People generally create a last will, trust or estate plan to protect their last wishes and provide for their loved ones and causes after death. Sometimes, however, the last will or estate plan ends up looking much different from what everyone in the family or the presumptive heirs expect. When that happens, there is a good chance the will will get contested and end up in New York probate court.
When a will goes to the probate courts for approval, anyone in the family or considered an heir can contest the content of the last will. However, in order to do so, that person must have valid grounds for the contestation . Some of the more common arguments include lack of mental capacity, lack of validity, duress, fraud and undue influence. Of these issues, undue influence is likely one of the most common, but also most difficult to prove.
What is undue influence?
Undue influence , at its most basic, is when a person other than the testator has direct influence over the terms of a last will or estate. Many times, this influence coincides with decreased mental faculties in an individual. An aging or ailing person is more susceptible to manipulation and attempts at control than those in peak physical and mental health.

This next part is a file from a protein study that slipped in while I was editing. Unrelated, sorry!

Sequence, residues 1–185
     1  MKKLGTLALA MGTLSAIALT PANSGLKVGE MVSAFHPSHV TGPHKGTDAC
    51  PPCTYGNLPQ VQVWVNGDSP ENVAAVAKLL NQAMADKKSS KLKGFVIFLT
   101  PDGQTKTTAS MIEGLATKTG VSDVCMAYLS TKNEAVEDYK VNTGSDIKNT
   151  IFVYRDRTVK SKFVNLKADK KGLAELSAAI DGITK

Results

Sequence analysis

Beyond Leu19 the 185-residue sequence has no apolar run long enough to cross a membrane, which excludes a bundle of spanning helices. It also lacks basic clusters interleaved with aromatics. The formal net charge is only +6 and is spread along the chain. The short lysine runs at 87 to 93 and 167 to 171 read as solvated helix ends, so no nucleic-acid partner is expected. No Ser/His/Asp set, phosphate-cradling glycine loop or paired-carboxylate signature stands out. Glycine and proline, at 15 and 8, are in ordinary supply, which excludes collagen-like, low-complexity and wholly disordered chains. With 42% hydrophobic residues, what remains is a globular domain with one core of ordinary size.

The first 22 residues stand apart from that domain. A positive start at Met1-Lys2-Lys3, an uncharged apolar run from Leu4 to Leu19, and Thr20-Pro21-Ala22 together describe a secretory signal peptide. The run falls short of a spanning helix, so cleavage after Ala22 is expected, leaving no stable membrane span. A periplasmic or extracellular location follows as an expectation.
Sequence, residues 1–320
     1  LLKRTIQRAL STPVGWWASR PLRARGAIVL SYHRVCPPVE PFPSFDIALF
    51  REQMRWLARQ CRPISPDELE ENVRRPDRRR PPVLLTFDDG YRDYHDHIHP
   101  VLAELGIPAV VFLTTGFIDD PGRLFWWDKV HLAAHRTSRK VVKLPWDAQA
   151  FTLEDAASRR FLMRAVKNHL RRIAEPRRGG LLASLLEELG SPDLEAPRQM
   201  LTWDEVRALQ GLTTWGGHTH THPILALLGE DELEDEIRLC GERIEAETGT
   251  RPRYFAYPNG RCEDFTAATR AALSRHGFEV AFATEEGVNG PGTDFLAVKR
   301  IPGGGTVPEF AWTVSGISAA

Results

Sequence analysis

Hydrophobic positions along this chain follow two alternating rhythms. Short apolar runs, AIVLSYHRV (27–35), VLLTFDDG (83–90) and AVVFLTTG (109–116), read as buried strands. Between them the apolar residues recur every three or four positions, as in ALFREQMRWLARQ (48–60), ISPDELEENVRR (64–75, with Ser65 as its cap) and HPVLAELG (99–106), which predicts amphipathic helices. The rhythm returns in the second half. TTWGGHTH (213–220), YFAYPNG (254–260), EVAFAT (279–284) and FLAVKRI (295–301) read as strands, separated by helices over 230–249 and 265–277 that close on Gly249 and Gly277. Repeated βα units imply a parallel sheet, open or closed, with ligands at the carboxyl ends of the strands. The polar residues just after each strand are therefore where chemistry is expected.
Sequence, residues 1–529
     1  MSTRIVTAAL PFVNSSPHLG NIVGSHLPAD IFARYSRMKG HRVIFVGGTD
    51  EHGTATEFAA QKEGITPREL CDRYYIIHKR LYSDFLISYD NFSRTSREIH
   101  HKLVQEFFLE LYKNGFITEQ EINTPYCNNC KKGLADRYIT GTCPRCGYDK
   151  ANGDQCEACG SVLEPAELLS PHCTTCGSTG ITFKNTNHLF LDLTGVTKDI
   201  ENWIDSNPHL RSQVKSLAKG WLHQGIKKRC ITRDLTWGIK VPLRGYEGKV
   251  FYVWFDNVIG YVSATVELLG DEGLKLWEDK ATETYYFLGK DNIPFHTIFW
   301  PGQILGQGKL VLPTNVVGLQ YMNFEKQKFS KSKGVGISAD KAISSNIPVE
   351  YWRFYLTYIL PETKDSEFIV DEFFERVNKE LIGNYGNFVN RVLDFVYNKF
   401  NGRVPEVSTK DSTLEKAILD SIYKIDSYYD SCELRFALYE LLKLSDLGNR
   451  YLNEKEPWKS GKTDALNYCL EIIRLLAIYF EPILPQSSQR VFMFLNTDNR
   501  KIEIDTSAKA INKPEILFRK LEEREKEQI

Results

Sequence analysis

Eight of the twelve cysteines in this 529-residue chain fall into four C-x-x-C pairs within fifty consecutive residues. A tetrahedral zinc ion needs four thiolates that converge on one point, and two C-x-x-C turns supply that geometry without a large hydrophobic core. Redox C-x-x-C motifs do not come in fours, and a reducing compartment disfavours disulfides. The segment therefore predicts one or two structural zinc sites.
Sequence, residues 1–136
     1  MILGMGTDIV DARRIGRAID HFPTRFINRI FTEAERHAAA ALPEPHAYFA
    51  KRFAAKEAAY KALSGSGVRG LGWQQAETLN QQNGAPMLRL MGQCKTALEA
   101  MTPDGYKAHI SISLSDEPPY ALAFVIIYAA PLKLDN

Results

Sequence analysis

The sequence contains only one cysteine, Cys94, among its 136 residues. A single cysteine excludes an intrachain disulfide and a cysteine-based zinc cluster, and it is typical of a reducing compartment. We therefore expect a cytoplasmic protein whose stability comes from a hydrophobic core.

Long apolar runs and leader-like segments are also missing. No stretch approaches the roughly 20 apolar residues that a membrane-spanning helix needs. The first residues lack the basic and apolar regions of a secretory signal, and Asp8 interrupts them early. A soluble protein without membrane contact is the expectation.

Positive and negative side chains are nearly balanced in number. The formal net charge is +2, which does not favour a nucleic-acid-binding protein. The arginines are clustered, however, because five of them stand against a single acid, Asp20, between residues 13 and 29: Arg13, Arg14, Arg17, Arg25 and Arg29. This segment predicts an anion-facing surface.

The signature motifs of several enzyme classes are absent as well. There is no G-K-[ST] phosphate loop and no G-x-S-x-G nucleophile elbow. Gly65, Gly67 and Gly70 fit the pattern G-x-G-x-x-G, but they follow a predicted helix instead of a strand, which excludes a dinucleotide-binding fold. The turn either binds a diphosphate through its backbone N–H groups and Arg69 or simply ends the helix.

One or more individuals could begin to pressure someone or slowly engage in activities like gaslighting, intended to make that person question his or her own perceptions of reality. For example, a child of the testator could slowly, over many months, convince an ailing parent that a sibling was abusive or abandoned his or her parent, even if it isn’t true. This could result in changes to a last will or estate plan that reduce or eliminate the inheritance of the other sibling.
Proving undue influence is hard but not impossible
One of the most difficult things about proving undue influence is finding evidence to support the claim. Often, the influencing episodes take place in private, without any witnesses. You will want to see if there is any proof available to you. Nurses, home health aides and other medical professionals may have overheard something that you could use as evidence. There could also be a digital record if your deceased loved one exchanged emails or text messages with the person who exerted undue influence.
Even very personal records, like a diary or journal kept by the deceased could help prove your point. Seeking witnesses and other documentation of influence can help your case. Similarly, evidence about earlier decisions regarding the last will or estate plan could support your claim that later changes were the result of undue influence. Evidence, documentation and witnesses can all help you build a case when contesting a last will or estate plan because you believe someone else influenced it.